When you first meet someone what do you notice? More than likely their clothing – without knowing it we use this as a marker to make judgement about a person. Clothing shouldn’t matter but it does. The fashion industry is built upon our insecurities about the way we look and how we appear to others.
But the clothing that’s in the shops is designed for people who can stand, walk and have a conventional body shape. Those with disabilities have different body shapes and different requirements of their clothes but they still want to look good. That’s where the problems begin. A quick search online brings up some fairly awful options. Here, Chartwell, the leading insurance broker for those with disabilities, looks at other options for disabled people who want to look fashionable.
Back in 2012, the BBC reported on Ann Oliver who was diagnosed with multiple sclerosis in 1990. She set up her own fashion business, Xeni, to cater for women, confined to a wheelchair, who want to look fashionable. Some of the areas she addressed werecoats and jackets with magnets as self-propelled fastenings, trousers with extra length at the back of the waist so they hang properly in the legs and evening dresses that accentuate the shoulders to draw attention away from the lap. Unfortunately her blog hasn’t been active since June 2013 and there is little sign of her business on line.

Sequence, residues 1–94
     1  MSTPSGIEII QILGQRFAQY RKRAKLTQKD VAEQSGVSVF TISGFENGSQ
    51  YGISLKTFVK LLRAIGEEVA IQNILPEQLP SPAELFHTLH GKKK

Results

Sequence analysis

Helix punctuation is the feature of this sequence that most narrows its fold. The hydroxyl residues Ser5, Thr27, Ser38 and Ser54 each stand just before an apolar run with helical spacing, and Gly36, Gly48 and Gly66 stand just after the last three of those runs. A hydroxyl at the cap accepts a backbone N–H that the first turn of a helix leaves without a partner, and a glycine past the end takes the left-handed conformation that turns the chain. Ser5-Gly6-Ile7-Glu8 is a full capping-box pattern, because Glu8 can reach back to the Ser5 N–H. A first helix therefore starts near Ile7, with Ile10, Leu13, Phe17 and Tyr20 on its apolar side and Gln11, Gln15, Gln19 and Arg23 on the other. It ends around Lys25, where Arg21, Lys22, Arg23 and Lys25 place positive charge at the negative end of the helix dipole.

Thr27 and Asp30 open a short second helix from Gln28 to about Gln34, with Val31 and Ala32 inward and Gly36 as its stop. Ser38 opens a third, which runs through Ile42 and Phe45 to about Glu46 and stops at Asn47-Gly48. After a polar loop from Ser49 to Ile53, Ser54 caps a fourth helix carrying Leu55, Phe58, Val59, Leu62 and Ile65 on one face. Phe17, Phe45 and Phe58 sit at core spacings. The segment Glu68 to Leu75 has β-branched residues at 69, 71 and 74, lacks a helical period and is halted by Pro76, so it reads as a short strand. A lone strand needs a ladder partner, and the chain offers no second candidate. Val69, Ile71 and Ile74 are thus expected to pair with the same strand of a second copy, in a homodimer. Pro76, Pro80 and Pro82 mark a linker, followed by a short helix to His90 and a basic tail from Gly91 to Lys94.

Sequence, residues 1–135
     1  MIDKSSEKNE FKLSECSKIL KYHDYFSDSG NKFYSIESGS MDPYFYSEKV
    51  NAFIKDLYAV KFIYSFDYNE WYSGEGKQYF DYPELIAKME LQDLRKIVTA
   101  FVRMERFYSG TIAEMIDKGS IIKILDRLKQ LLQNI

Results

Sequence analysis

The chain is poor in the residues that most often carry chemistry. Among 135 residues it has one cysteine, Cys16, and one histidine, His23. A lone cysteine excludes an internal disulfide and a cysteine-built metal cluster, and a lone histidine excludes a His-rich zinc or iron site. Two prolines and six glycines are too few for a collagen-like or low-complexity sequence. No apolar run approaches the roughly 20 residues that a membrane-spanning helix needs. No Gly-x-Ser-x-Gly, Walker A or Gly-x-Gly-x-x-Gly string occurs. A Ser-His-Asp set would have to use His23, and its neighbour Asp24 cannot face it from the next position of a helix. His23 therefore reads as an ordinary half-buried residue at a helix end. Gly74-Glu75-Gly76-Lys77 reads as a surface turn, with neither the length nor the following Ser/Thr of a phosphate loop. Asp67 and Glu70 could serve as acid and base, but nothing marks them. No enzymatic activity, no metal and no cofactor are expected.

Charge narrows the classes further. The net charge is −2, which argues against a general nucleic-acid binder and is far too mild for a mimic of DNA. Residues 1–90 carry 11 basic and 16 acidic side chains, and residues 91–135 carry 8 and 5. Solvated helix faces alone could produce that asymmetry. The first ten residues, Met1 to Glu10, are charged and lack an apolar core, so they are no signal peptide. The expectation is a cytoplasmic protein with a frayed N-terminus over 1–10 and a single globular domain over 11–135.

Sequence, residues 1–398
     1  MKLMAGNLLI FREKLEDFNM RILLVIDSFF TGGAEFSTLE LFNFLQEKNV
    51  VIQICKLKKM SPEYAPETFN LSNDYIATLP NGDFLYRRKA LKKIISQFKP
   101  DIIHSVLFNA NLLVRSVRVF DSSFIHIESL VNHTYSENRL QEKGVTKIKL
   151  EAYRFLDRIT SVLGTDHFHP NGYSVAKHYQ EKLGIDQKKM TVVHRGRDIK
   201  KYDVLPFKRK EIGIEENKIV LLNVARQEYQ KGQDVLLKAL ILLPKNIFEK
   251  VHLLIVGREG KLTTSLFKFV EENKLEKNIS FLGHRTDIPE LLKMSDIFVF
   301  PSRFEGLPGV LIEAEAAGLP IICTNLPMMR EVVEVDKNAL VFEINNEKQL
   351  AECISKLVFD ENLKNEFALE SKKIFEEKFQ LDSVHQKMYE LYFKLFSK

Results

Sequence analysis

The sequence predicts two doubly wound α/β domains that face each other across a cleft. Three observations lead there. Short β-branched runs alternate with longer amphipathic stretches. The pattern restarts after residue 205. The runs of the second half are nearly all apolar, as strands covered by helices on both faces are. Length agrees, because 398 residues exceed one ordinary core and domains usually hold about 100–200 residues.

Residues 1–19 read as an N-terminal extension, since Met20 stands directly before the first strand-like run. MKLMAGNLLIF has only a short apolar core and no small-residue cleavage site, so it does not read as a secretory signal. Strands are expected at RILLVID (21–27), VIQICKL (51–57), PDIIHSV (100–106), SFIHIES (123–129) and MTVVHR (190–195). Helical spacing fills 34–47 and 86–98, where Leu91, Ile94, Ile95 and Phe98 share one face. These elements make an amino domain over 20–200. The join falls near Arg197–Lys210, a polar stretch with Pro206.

So does that mean the disabled community is constricted to the more conventional offering from the likes of Designed to Care and Able 2 Wear, for example? Both these companies are doing admirable jobs producing functional, ready-to-wear clothing but they won’t win any prizes for styling.
Seenin has a good range of protective clothing and has a particularly good line in stylish kerchiefs, which can double as bibs. These can jazz up an otherwise boring top.
An alternative for those who want to look fashionable is to go down the bespoke route and get clothes made to fit and to their own designs. Unfortunately this can be expensive. Clothing Solutions for Disabled People offers a good interim solution. It’s a registered charity, established in 1990, aimed at understanding and meeting the clothing needs of disabled people. Based in Bradford, Yorkshire it is spreading its services over a wider area.
Another alternative is alterations to off-the-peg designs. Here, Clothing Solutions can help but if you live miles away it may not be feasible to visit. There are dressmakers up and down the country who will make radical modifications to existing garments, such as adding zips, changing openings, altering waistbands etc., as well as making up clothes from scratch. Ask around to find one near you. If you draw a blank then check out dressmakers on free listing sites such as Gumtree and FreeIndex.